Invokana may lead to serious side effects such as kidney failure, ketoacidosis, heart attack, and bone fracture.
Invokana (generic: canagliflozin) is a diabetes medication manufactured by Janssen Pharmaceutica, a Johnson & Johnson company. It works with the kidneys to lower A1C, a type of blood sugar. Since its approval by the FDA in 2013, Invokana has been prescribed over four million times. Unfortunately, a number of adverse side effects have been observed in Invokana patients which has led the FDA to issue two separate warnings about the drug’s use.
The first of these warnings noted that Invokana has been linked to diabetic ketoacidosis. This condition is marked by extreme and uncontrolled ketosis. If left untreated, ketoacidosis can result diabetic coma or even death. The FDA’s May 15, 2015 Drug Safety Communication warned that at least 20 cases of diabetic ketoacidosis had been reported by individuals taking Invokana and other SGLT2 inhibitors. This communication was updated in December to include a warning that SGLT2 inhibitors like Invokana could cause serious urinary tract infections.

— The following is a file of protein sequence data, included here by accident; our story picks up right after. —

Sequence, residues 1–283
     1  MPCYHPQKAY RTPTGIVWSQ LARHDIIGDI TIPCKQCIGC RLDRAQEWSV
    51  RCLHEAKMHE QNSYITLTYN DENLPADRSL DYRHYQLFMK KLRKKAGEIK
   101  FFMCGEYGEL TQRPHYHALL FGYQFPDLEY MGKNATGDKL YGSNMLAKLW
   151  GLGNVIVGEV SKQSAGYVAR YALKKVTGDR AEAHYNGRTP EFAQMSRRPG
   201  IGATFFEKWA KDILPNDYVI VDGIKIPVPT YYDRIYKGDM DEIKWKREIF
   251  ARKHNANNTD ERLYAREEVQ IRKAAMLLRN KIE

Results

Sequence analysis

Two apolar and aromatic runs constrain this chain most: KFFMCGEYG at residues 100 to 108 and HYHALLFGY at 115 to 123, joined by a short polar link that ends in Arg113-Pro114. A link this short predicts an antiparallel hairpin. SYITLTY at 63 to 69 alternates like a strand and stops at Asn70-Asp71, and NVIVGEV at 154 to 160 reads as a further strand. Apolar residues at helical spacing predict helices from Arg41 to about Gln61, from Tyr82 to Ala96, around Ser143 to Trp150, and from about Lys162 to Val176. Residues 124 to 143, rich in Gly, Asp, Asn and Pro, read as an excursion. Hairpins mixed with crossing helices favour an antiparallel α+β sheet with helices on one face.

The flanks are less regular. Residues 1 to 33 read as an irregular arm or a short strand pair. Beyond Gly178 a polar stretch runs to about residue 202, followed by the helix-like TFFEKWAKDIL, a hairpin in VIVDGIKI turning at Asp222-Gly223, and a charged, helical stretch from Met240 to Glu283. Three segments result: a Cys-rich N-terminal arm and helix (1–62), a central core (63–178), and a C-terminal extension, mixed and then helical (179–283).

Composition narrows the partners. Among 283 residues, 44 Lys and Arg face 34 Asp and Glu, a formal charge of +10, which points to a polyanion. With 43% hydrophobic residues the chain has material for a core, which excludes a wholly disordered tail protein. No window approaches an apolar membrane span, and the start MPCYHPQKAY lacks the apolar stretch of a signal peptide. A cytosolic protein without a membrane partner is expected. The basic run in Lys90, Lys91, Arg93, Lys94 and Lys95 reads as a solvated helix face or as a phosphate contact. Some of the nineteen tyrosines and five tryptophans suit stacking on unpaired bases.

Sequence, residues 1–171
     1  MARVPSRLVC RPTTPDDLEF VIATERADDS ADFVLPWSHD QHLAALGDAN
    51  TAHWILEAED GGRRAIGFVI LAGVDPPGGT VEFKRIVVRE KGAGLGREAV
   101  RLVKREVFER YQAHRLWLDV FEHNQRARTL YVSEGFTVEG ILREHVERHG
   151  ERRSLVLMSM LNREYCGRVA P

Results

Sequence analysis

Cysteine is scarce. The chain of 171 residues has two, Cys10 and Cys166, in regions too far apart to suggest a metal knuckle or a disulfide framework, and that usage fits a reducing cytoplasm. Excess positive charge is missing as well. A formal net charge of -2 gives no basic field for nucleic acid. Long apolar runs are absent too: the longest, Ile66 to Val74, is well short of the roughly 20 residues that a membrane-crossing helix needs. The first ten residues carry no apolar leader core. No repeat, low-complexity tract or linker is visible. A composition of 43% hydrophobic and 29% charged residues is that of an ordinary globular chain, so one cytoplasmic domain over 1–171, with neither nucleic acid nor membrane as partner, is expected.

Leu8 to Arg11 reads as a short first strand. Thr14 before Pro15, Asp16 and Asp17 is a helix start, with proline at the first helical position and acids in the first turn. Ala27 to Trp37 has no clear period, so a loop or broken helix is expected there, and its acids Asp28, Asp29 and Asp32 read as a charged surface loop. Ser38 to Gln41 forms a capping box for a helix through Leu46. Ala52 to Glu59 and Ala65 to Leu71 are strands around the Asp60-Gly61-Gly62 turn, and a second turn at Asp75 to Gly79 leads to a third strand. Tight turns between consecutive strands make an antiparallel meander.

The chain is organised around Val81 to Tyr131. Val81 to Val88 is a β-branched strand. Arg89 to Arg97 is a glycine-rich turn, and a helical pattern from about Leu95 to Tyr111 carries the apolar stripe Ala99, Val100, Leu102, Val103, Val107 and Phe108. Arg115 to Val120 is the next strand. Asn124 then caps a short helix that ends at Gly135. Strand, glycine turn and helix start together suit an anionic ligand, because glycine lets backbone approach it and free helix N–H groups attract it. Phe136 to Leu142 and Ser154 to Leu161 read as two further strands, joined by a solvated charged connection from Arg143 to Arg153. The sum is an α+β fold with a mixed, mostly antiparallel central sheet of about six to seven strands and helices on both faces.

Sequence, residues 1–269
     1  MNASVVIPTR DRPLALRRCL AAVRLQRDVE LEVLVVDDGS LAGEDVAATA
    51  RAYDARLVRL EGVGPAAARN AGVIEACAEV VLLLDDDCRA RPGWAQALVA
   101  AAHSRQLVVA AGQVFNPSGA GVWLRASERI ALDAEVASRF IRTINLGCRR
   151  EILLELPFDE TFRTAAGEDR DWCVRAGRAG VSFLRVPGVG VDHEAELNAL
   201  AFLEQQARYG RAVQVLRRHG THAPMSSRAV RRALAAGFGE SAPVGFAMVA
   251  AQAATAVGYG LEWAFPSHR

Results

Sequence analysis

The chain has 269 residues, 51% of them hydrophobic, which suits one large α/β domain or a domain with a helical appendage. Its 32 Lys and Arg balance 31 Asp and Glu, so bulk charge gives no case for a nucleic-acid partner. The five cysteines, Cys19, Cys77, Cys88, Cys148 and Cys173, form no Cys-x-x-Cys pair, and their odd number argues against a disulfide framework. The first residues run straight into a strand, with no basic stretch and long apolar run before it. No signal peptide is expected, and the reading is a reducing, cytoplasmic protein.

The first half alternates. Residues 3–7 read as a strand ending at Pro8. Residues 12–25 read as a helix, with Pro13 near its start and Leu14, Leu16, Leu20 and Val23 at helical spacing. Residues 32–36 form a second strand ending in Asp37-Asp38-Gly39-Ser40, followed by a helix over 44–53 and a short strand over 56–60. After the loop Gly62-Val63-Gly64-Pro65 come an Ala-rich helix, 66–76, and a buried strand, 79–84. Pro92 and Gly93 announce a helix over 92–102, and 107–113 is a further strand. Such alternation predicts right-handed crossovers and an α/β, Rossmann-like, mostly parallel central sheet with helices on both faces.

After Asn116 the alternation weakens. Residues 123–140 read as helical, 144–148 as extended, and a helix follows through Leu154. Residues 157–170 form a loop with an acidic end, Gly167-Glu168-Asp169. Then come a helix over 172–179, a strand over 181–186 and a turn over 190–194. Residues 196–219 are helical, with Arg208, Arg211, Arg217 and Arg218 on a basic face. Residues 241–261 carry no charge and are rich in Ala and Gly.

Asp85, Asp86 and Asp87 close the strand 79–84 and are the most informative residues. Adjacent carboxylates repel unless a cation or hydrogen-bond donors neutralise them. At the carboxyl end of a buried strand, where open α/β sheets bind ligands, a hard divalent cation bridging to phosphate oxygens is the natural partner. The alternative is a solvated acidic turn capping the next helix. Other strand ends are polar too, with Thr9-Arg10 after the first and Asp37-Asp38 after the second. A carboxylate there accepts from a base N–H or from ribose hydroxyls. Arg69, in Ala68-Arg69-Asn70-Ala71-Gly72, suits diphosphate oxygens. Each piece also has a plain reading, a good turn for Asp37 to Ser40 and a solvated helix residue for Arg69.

The second warning came in the form of a September, 2015 FDA Drug Safety Communication. This communication warned that Invokana can decrease bone density. This decrease can cause an increased risk of bone fractures which can occur as early 12 weeks after starting Invokana.
Also in September, the Institute for Safe Medication Practices (ISMP) issued a report that questioned whether the benefit of Invokana use was outweighed by the risks associated with the drug. The risks that the ISMP identified included heart attack, bladder and pancreatic cancers, and kidney problems.
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